The Saturday preceding the Feast of the Exaltation of the Holy cross is called The Eve of the Feast of the Exaltation of the Holy Cross. This day, and the following Tuesday, Wednesday and Thursday are also known as the Feast of the Holy Churches. Each of these days celebrate four different churches.
The commemoration on the Eve of the Feast of Exaltation, is of the Navagadik (Dedication) of the Cathedral of the Holy Resurrection (Holy Sepulchre) in Jerusalem.
The site of the Church of the Holy Sepulchre in Jerusalem is identified as the place both of the crucifixion and the tomb of Jesus of Nazareth. The church has long been a major pilgrimage center for Christians all around the world.
According to the New Testament, Jesus was crucified at Golgotha, “the place of the skull” (Matt. 27:33–35; Mark 15:22–25; John 19:17–24). This has been identified as an area of abandoned stone quarries just outside the city wall of the time.
About 10 years after the crucifixion, a third wall was built that enclosed the area of the execution and burial within the city, and this accounts for the Holy Sepulchre’s location inside the Old City of Jerusalem today.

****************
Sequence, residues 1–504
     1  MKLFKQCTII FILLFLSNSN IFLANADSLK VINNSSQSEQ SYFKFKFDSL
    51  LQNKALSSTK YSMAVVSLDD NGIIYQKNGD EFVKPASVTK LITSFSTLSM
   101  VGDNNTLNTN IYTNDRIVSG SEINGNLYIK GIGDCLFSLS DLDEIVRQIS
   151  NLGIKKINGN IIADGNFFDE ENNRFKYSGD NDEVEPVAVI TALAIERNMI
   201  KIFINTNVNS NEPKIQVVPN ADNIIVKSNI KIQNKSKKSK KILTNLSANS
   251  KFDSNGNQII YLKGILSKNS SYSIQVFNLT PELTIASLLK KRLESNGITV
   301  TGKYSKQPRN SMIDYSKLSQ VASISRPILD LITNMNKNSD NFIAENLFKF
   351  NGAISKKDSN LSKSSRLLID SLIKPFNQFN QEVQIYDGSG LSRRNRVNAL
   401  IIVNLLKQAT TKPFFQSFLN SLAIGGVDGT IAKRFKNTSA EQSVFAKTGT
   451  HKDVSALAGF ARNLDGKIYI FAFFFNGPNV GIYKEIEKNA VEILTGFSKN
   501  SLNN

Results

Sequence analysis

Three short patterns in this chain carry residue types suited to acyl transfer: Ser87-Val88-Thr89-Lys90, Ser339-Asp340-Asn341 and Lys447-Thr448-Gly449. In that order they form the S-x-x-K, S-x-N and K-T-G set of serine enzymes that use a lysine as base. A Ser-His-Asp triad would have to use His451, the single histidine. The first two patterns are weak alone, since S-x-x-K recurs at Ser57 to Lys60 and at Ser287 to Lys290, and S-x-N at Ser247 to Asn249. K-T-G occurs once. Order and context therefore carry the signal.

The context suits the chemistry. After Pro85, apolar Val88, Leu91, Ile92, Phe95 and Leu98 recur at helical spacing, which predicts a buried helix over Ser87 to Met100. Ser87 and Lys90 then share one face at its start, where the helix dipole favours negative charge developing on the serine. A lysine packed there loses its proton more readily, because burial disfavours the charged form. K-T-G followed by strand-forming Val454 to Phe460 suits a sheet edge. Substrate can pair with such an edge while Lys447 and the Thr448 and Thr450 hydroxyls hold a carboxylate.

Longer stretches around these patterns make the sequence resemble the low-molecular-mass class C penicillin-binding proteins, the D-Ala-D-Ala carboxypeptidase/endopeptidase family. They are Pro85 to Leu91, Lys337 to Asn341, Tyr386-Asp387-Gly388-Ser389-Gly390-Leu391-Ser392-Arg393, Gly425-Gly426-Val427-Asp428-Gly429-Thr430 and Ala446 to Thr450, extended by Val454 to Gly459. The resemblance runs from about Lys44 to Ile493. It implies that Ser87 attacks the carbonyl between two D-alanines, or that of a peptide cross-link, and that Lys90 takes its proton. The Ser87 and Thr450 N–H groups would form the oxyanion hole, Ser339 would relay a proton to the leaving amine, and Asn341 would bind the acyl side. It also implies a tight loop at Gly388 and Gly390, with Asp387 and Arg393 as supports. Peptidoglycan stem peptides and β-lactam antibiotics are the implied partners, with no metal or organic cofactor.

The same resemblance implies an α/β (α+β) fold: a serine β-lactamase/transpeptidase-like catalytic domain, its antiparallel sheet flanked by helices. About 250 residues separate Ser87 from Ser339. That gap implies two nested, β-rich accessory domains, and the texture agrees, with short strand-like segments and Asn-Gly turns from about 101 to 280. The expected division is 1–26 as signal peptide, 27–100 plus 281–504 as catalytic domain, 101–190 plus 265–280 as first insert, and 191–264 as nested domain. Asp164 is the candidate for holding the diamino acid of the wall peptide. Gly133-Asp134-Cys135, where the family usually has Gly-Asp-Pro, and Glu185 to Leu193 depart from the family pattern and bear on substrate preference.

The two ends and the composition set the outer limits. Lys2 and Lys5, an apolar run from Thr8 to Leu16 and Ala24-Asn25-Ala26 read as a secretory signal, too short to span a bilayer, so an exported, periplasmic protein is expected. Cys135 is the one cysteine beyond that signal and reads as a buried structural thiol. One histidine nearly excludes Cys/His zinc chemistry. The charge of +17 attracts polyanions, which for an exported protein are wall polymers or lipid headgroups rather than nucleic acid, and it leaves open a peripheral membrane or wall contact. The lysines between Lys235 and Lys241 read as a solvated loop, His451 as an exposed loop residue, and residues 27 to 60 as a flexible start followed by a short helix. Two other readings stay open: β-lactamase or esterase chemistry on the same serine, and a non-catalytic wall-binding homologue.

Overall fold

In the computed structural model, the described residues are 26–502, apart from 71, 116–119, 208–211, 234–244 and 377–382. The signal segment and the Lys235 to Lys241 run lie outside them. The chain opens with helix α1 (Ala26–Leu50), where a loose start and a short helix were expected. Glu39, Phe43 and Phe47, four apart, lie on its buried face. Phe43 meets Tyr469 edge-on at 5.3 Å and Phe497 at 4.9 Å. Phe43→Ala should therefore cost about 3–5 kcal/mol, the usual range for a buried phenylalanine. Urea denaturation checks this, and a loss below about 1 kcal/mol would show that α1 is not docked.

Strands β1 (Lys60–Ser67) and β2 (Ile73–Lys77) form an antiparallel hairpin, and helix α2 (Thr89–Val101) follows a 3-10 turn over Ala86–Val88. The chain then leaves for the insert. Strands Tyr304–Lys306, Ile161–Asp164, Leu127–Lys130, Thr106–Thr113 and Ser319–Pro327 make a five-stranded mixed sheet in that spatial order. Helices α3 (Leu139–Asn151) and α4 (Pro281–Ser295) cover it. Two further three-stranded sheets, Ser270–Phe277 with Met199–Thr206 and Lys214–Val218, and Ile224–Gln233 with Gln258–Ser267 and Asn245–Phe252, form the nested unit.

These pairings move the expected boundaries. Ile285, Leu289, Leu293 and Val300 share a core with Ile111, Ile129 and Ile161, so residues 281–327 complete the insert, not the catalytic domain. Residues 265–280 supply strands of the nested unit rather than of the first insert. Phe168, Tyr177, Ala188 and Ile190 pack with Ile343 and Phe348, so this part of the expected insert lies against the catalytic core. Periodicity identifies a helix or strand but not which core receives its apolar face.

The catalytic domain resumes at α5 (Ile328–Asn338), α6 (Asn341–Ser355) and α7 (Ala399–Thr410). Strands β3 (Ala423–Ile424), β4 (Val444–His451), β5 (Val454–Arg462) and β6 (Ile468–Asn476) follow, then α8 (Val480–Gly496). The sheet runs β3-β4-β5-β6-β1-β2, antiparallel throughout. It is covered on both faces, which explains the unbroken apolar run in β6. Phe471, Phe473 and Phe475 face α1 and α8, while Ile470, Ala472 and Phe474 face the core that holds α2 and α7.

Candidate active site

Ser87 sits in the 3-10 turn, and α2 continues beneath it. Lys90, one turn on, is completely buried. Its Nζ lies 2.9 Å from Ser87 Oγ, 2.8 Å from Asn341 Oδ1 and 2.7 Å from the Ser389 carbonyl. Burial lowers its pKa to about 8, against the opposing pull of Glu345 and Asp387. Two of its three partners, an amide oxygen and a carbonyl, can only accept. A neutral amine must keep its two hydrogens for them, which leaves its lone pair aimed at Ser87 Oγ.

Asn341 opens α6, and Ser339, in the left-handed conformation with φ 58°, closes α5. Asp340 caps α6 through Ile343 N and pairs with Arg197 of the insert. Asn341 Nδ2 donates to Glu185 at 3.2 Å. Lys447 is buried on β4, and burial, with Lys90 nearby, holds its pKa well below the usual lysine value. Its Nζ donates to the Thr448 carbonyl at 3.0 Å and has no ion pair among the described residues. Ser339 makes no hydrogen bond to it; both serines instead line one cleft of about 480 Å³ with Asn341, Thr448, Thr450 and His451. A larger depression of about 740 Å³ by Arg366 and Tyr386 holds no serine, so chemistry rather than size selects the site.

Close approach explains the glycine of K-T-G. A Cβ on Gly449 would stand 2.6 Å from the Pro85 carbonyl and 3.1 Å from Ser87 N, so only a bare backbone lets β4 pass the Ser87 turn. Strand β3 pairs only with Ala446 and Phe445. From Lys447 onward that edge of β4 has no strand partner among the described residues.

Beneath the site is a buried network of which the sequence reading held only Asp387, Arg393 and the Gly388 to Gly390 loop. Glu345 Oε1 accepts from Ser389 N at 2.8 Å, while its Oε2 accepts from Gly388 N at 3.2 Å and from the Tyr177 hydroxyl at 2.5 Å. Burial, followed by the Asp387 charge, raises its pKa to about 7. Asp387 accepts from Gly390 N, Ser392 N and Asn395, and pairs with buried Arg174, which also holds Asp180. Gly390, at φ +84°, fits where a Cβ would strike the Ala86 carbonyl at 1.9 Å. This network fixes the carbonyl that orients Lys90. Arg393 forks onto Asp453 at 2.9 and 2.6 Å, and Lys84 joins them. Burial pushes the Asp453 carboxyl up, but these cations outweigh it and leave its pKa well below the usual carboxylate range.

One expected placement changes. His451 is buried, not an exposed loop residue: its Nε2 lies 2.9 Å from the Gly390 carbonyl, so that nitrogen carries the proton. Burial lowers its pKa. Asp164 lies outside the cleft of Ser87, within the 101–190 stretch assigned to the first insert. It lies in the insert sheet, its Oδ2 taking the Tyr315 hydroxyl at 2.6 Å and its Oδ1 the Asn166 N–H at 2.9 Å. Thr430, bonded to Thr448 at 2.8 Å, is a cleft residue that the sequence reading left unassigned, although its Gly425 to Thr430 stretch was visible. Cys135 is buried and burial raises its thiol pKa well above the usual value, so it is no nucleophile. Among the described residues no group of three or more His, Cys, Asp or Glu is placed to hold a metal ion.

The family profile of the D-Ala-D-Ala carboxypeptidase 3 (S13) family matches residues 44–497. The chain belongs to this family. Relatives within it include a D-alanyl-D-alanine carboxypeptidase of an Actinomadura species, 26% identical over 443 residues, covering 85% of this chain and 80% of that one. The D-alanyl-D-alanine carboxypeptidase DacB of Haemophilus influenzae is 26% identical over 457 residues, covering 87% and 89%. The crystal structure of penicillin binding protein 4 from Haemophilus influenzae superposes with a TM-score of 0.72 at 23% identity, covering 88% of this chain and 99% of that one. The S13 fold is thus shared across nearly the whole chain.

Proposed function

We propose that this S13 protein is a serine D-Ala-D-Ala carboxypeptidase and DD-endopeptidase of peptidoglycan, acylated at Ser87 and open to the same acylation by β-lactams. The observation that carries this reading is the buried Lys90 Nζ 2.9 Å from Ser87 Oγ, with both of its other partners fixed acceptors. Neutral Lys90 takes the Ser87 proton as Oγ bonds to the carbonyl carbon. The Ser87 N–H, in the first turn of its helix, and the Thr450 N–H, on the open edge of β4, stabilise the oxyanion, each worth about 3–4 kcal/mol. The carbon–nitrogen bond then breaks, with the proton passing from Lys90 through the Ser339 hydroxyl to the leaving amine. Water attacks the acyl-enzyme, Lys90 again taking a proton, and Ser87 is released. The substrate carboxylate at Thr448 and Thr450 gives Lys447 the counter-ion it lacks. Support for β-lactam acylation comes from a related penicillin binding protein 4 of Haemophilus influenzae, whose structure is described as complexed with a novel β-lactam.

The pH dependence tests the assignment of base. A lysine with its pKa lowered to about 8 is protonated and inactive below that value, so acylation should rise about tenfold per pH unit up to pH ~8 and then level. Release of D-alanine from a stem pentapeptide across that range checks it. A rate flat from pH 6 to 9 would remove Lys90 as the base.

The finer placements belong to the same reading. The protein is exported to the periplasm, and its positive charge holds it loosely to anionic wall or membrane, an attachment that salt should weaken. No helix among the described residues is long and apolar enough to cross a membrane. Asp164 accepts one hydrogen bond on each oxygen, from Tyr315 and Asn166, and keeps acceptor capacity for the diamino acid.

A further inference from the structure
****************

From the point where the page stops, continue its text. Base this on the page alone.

The Roman emperor Constantine I, a convert to Christianity, had the temple of Venus in Jerusalem demolished to make way for a church. In the course of the demolition a tomb was discovered that was thought to be the tomb of Jesus.
The rock cut tomb was initially open to the elements, but later it was protected by a small building.
In 326 AD, Constantine’s mother, Saint Helena, made a pilgrimage to Jerusalem, where, according to legend, she discovered the relic of the cross of Jesus (the “True Cross”). The Church of the Holy Sepulchre was then built at the site of the discovery, by order of Helena and Constantine. The church was dedicated nine years later, with a portion of the cross placed inside it.
In 614 AD, a Persian army destroyed the church and the True Cross was taken away, but in 631 AD, the Byzantine emperor Heraclius negotiated its return. The Sacred Cross was restored to its place in the Church of Holy Sepulchre in Jerusalem.
To commemorate this victory, in the seventh century A.D, the Church of Rome adopted the “Feast of the Exaltation of the Holy Cross”.
In the 11th century a cave deep below the ruins of the basilica came to be known as the Chapel of the Invention (Finding) of the Cross.
Today, if you enter the Church of the Holy Sepulchre and go down a big staircase, you come to the Chapel of St Helena, owned by the Armenians.
Descend more steps and you will stand in the darkaltar features a life sized bronze statue of St Helena holding a cross.